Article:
Skip to main content

Focus on Forced Labor for Imported Products

“CBP will not tolerate modern slavery in U.S. commerce…We expect every U.S. importer to ensure that its supply chains are free of forced labor” (Brenda Smith, Executive Assistant Commissioner, U.S. Customs and Border Protection, October 2020).

Importers are on notice that they must ensure imports are free of forced, indentured, child, or convict labor (forced labor). To protect their brand and integrity of their supply chains, importers must vigorously tackle the issue of forced labor and expend effort to ensure the strength of internal controls and visibility into its supply chain, including component sourcing. Importers must prepare for increased enforcement by U.S. Customs and Border Protection (CBP) for goods from all countries, and in particular from China, Southeast Asia, and Africa. Additionally, both CBP and Congress have focused on goods from China’s Xinjiang Uyghur Autonomous Region (XUAR).

Recently, CBP significantly increased enforcement of the import prohibition on goods made from forced labor, including issuing a “finding” of forced labor, the first since 1996, its first civil penalty, and additional withhold release orders (WROs) on the importation of specific products. In fact, in 2020 CBP issued 13 WROs, which are promulgated when CBP has reason to believe that the imported products are made with forced labor.

CBP’s authority stems from 19 USC §1307: “All goods, wares, articles, and merchandise mined, produced, or manufactured wholly or in part in any foreign country by convict labor or/and forced labor or/and indentured labor under penal sanctions shall not be entitled to entry at any of the ports of the United States, and the importation thereof is hereby prohibited.” Such merchandise is subject to seizure, exclusion, and criminal investigation of the importer. Section 1307 not only covers finished goods, but also “goods…in part.” Therefore, it covers inputs as well.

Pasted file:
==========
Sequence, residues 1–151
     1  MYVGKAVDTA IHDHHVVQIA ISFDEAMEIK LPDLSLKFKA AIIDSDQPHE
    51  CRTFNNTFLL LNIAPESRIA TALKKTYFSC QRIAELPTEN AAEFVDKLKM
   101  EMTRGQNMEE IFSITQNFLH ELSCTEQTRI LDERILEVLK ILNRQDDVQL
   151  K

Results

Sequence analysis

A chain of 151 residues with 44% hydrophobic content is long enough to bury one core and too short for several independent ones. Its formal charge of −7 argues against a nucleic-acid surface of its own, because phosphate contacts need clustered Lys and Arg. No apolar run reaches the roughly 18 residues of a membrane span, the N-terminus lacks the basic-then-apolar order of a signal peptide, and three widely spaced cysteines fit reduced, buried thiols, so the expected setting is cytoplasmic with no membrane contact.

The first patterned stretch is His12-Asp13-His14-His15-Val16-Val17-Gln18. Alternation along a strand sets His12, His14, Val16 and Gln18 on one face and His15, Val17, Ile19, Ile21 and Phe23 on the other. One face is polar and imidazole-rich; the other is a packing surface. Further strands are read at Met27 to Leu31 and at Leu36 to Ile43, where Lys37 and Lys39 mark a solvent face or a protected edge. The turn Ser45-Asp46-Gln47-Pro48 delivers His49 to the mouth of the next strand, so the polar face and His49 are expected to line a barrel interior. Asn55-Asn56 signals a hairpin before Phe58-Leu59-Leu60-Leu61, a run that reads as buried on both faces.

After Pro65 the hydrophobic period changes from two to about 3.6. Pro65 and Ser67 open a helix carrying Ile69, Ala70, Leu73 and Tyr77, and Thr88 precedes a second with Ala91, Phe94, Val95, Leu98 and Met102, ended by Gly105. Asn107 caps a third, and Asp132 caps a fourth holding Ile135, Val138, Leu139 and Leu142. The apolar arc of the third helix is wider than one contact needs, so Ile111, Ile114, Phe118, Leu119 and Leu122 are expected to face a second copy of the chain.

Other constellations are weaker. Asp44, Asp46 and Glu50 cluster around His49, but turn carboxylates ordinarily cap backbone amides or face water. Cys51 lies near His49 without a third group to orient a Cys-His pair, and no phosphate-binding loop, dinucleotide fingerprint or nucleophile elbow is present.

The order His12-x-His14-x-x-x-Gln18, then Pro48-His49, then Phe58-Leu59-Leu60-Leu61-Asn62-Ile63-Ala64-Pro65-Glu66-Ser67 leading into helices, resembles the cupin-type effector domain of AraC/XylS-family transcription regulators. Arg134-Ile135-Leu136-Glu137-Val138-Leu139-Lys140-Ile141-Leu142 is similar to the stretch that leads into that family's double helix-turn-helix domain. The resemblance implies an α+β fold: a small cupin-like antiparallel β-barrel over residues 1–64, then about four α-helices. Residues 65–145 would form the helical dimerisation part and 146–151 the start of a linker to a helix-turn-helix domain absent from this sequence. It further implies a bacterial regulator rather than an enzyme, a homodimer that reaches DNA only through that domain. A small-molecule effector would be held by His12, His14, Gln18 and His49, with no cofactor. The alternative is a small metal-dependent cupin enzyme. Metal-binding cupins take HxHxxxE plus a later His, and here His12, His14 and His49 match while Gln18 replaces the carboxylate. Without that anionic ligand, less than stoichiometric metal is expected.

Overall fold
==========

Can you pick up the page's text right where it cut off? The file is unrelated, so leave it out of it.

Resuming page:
More detentions and penalties are expected from CBP. Importers should review supply chains and internal controls, do risk assessments and onsite visits, ensure all suppliers adhere to a code of conduct including provisions on forced labor, and edit customer agreements to protect against late or missed delivery. The importance of third-party audits to confirm compliance with forced labor or social responsibility programs cannot be overstated. Importers are advised to review component sourcing and the specifics of their supply chains to determine how far down the supply chain they need to investigate.

Congress has also increasingly focused on the issue of imports made with forced labor impacting private and public companies. The Uyghur Forced Labor Prevention Act, which was recently overwhelmingly passed by the House of Representatives with bipartisan support, states that all goods produced, even in part, in Xinjiang, will be deemed to be goods made by forced labor, and banned from import, unless the CBP commissioner “determines, by clear and convincing evidence, that any specific goods, wares, articles, or merchandise [from Xinjiang were] not produce[d] wholly or in part by convict labor, forced labor or indentured labor under penal sanctions.” The Uyghur Forced Labor Disclosure Act requires public companies to disclose imports of manufactured goods and materials that originate or are sourced from Xinjiang. The Disclosure Act was also passed by the House but does not have bipartisan support. At this time, it is unclear when either bill will be passed by Congress and signed by the president, but the Prevention Act will go into effect 120 days and the Disclosure Act 180 days after enactment. Accordingly, timetables are short; importers are advised to prepare so that they are fully compliant if and when implementation takes effect.